Since Social Media for Trainers was published, we’ve seen skyrocketing popular use of tools and ever-more organizational acceptance of them. The advent of users generating and sharing images has exploded, spurred on by easy-use tools like Instagram and Pinterest and Google Hangouts and Vine and Periscope and Meerkat. My last column that dealt explicitly with this was “Social Media for Learning” back in 2011, so if the topic is new to you I encourage you to check that out first. Let’s take a look now at a few newer ways you might extend your own practice through the use of social tools.


Social tools offer excellent means of staying connected with learners and getting into the spaces before, between, and after formal instruction or other events, or as a way for L&D to provide support throughout a worker’s life with the organization. Tools make it easier to broadcast.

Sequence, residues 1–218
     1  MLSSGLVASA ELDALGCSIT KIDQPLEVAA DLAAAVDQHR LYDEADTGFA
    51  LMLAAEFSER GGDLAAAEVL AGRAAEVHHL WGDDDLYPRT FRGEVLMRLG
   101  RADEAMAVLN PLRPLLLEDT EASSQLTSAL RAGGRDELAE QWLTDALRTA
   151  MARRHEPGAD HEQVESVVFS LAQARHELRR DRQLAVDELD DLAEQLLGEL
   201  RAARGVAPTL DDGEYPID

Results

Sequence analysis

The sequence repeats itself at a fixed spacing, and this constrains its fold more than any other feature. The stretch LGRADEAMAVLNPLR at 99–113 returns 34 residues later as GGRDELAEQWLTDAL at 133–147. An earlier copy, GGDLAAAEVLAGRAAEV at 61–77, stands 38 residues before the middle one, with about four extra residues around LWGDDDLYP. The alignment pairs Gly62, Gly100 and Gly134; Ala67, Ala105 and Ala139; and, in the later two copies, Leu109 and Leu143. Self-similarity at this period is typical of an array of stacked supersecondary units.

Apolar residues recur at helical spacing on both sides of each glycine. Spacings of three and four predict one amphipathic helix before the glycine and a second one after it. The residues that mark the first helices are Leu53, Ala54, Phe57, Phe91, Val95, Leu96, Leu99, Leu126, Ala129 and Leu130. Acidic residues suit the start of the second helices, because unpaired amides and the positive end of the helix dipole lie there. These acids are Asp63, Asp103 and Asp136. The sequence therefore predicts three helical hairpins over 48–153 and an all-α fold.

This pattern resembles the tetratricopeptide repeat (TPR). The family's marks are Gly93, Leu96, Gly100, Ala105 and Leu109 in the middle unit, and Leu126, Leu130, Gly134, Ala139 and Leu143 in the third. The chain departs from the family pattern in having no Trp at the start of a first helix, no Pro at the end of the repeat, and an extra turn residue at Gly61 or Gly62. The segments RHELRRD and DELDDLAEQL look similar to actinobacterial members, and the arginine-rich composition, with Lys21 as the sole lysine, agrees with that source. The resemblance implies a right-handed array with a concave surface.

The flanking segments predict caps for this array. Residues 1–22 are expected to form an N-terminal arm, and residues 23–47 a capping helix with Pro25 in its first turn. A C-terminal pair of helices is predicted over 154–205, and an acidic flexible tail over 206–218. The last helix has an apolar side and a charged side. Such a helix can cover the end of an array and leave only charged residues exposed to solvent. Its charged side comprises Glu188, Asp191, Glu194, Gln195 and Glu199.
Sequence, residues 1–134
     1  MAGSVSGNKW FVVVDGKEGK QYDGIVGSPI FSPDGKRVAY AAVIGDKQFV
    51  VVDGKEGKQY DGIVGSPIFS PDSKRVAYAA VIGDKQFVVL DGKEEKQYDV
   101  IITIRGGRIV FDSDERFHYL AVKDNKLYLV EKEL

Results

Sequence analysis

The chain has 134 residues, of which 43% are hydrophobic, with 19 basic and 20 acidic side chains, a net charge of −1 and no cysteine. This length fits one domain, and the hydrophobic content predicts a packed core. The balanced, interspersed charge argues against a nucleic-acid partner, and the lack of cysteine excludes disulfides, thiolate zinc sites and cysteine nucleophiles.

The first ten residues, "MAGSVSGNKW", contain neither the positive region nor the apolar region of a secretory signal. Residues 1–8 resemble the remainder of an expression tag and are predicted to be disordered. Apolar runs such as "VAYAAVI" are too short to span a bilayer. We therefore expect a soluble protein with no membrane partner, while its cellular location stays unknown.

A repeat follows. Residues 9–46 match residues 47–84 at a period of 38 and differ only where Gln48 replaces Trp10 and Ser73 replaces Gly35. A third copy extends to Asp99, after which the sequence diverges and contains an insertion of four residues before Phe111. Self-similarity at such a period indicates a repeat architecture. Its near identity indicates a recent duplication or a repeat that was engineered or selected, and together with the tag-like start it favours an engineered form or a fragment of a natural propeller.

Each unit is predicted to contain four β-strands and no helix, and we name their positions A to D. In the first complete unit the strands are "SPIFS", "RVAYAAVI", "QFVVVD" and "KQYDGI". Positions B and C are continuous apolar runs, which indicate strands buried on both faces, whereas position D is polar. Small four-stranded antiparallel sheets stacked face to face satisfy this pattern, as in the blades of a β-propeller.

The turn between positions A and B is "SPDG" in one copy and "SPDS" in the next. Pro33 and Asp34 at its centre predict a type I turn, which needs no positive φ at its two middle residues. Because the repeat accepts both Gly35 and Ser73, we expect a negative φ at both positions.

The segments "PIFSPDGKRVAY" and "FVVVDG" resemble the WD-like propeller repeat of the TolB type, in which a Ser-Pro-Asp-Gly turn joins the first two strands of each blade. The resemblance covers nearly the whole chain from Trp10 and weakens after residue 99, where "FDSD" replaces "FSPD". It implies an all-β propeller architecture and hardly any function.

One of the easiest wins for instructors and facilitators is the course alumni group. People meet and bond in class and want to stay in touch. A post-course community encourages reflection, can give a good post-training nudge, and offers a space for graduates to share experiences and get additional support and encouragement as they work to implement their new learning. Mike Rohde, for example, offers classroom workshops based on his popular Sketchnote Handbook. Upon completion, he invites attendees to join a closed Facebook group where they can engage with others with similar interests, some of whom they met in their own workshop. They can show their development, ask questions, and get additional support from Mike if need be. Figure 1 shows past attendee Chip Kavenaugh’s before-and-after sketchnotes of a recent trip. He’s also experimenting with adding some color: See the note from Sketchnote Handbook author and instructor Mike Rohde. Reflect, apply, revisit.

Figure 1:
Sketchnote Workshop alumnus Chip Kavanaugh shows notes from his travels
(used with permission)

Backchanneling: Including others